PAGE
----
19/04/2017 12:28 BST | Updated 19/04/2017 12:28 BST

For Prince Harry And William To Talk About Mental Health Is Admirable. Maybe It Will Get More Men Talking Openly

Listening to Prince Harry talk so openly and candidly about mental health with Bryony Gordon was extraordinary and a relief. He was human and vulnerable just like the rest of us. In their public duties the two princes and the Duchess of Cambridge talk to a wide cross section of people and it seems the same recurring issue crops up: mental health. Mental health is at a critical juncture, not just in the UK, but globally.

Hearing a male perspective was also eye opening. Of course he suffered terribly when Princess Diana died, I recall watching the princes walk behind the coffin, keeping their emotions in, as if crying or breaking down would have been a sign of weakness. That he has not been able to process his grief for so long was very moving. We often think perhaps that others who have all the trappings and comforts do not suffer, but of course they do, just as Princess Diana had her own struggles. I am sure she would be proud of her boys and their efforts to instigate change with their Heads Together campaign and the first mental health marathon to raise awareness and dispel stigma.

Prince Harry has broadened the debate, talking about veterans with PTSD, young people who have tried to commit suicide, the CEO under stress, the mother coping alone with her children, and Bryony said herself it's normal to feel weird, and spoke of her way of coping through drugs and alcohol in the past. Other men are also coming forward talking about their emotions, depression and grief like Professor Green and the footballer Rio Ferdinand. Times are really changing when men start talking about their feelings.

The prince said it is better to talk to someone, to offload to a psychiatrist or psychotherapist. He didn't mention helplines, but that is an option too, certainly it is better to get it out than keep the pain in.

Bryony asked Prince Harry how he kept sane and he said boxing helped to channel his aggression and that he had come close to punching someone once. Sport, running, being in touch with nature - all these things have helped.

The most powerful part of the whole podcast was the fact that he was a man talking so openly. Prince Harry epitomises the strong, alpha male - the handsome prince who outwardly has it all and now a beautiful successful girlfriend. He has had personal tragedy in his life but in the past perhaps he would have said, others have gone through worse, and try to be stoic. Yet now he admits he has struggled and was even close to a nervous breakdown. That's huge to make such a public declaration.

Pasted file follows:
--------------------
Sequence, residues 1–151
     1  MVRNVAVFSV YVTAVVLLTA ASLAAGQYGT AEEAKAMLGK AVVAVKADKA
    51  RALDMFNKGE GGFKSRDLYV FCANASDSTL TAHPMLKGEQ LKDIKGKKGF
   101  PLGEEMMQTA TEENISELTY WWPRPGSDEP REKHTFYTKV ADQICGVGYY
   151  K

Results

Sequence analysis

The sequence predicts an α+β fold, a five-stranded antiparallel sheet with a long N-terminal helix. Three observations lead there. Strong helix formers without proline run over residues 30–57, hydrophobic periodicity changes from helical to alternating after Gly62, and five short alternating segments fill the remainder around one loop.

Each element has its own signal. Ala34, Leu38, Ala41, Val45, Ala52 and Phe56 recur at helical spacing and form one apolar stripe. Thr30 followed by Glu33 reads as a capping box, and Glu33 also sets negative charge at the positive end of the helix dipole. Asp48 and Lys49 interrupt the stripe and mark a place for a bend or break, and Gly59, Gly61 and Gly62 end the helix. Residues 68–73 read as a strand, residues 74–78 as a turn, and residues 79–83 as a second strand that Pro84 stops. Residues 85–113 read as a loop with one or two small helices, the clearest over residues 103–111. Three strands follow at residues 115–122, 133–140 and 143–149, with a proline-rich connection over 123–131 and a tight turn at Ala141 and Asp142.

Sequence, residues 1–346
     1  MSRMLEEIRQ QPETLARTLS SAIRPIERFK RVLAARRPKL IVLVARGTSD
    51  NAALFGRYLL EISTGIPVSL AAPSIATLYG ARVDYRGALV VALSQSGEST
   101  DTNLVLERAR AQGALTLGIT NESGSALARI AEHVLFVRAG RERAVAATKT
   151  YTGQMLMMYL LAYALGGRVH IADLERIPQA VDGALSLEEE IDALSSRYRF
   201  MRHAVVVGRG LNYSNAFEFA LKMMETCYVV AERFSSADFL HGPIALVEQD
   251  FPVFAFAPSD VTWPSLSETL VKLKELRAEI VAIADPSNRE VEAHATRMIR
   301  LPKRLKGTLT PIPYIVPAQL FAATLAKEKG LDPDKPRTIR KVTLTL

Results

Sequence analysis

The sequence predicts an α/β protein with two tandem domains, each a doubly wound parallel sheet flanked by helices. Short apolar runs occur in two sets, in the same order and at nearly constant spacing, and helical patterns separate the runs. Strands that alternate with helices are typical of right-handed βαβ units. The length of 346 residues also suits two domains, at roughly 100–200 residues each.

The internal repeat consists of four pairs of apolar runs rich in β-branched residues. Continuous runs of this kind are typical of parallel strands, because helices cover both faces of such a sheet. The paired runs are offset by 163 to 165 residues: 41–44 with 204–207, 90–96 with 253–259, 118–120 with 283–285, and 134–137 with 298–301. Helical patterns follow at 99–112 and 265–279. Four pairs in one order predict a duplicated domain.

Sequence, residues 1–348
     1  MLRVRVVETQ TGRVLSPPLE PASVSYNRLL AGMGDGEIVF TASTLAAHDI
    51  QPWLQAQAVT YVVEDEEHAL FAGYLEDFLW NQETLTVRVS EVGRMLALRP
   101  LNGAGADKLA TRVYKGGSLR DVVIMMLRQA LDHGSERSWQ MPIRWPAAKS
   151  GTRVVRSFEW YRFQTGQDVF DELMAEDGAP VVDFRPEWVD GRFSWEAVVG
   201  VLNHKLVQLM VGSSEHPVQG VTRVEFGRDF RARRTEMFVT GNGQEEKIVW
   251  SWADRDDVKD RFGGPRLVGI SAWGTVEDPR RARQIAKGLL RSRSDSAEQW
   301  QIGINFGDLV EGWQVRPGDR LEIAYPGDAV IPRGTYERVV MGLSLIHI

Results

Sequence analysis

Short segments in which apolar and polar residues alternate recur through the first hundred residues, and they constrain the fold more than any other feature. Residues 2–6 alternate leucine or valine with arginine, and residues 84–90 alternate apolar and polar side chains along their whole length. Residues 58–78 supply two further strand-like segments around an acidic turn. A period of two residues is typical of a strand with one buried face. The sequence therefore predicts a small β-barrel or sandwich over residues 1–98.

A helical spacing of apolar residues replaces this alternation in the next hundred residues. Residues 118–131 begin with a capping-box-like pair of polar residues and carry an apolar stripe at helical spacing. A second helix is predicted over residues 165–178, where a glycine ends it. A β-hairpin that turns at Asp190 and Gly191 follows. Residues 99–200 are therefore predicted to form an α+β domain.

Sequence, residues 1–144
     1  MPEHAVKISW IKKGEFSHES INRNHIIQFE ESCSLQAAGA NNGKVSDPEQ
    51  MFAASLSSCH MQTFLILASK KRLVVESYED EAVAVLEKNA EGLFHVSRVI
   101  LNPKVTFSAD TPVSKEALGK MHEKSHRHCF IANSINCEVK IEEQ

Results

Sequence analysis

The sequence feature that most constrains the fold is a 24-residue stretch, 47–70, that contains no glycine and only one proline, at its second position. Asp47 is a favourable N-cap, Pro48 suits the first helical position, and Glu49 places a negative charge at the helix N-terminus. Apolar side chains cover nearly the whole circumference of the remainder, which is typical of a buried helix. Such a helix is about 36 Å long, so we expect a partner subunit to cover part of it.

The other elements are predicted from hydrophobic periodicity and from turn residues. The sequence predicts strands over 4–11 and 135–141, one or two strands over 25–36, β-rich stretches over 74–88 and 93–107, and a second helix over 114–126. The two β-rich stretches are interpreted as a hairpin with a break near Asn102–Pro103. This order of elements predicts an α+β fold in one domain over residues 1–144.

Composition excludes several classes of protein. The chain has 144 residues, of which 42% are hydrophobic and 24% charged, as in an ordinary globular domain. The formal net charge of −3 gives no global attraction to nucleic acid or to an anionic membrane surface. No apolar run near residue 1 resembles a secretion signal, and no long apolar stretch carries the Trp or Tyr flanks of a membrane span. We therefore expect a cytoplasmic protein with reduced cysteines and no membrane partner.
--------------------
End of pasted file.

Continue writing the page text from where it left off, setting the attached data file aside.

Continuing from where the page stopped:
His brother Prince William, during his work as a pilot for East Anglia Air Ambulance, recalled how his first call out was in fact a suicide. Apparently five people each day try to commit suicide in East Anglia, a shocking statistic.

The Duchess of Cambridge is supporting maternal mental health and despite getting help and support as a mother, admits that she still finds motherhood challenging and daunting. An admission that will comfort mothers everywhere who can find motherhood lonely, tiring, relentless, demanding, as well as being wonderful and amazing.

My children are now three and six; my bout of maternal mental illness, which began as pre natal depression, feeling suicidal and morose during both pregnancies followed by postpartum psychosis is finally coming to an end. Apart from the odd vision, most of the symptoms have abated. All I can say is I am much better, functioning better, calmer and my sleep disorder seems to be under control. But I am still haunted by the memories, the guilt - none of that goes away. I try and be in the present and focus on the now. The mental wellbeing of my children is paramount, like Prince William and the Duchess of Cambridge, I want my children to be able to talk about their emotions, I am already teaching them mental health.


Self Portrait, pencil on paper, part of a series I have been doing since I was 11 trying to document my changing mental landscape (year unknown)

Having a close circle of people that understand you and your brain and your mental health seems absolutely critical, staying away from those that have no empathy, think it is a charade or a game, believe the symptoms are a fabrication is a no brainer. Recently I did a cull of people from my life thinking carefully if certain individuals were a positive influence, if they had been abusive or unkind, let me down - I was ruthless. As a result there is less noise now, less conflict, doing the cull has helped to conserve my energy and protect my mental health. It's not just exercise and diet that is critical, it is breaking negative patterns of behaviour, which can become endemic.

In London I recently performed songs related to mental health that I have been composing since March 2016 and read poems from my new book Dented (due out in October, Chipmunka Press) related to my psychosis of 2009. Some people in the audience asked, 'Why are you revelling in your pain?', 'You have two children, why aren't you happy?'. I was quite shocked that I had to justify or explain; thankfully most people appreciated my openness. Pain still seems to repel others, people can look at you and make assumptions and assertions, something Prince Harry knows all too well.

Since I embarked on my mental health campaigning I have spoken at the House of Lords, the House of Commons in London, Burma, Singapore, Malaysia, Bangladesh, London, Brussels: have I helped others by sharing and expressing my views about mental health? I do not know. There will be those that object to my approach and be critical, but like Prince Harry I am just being honest. Honesty about mental health is the only way forward.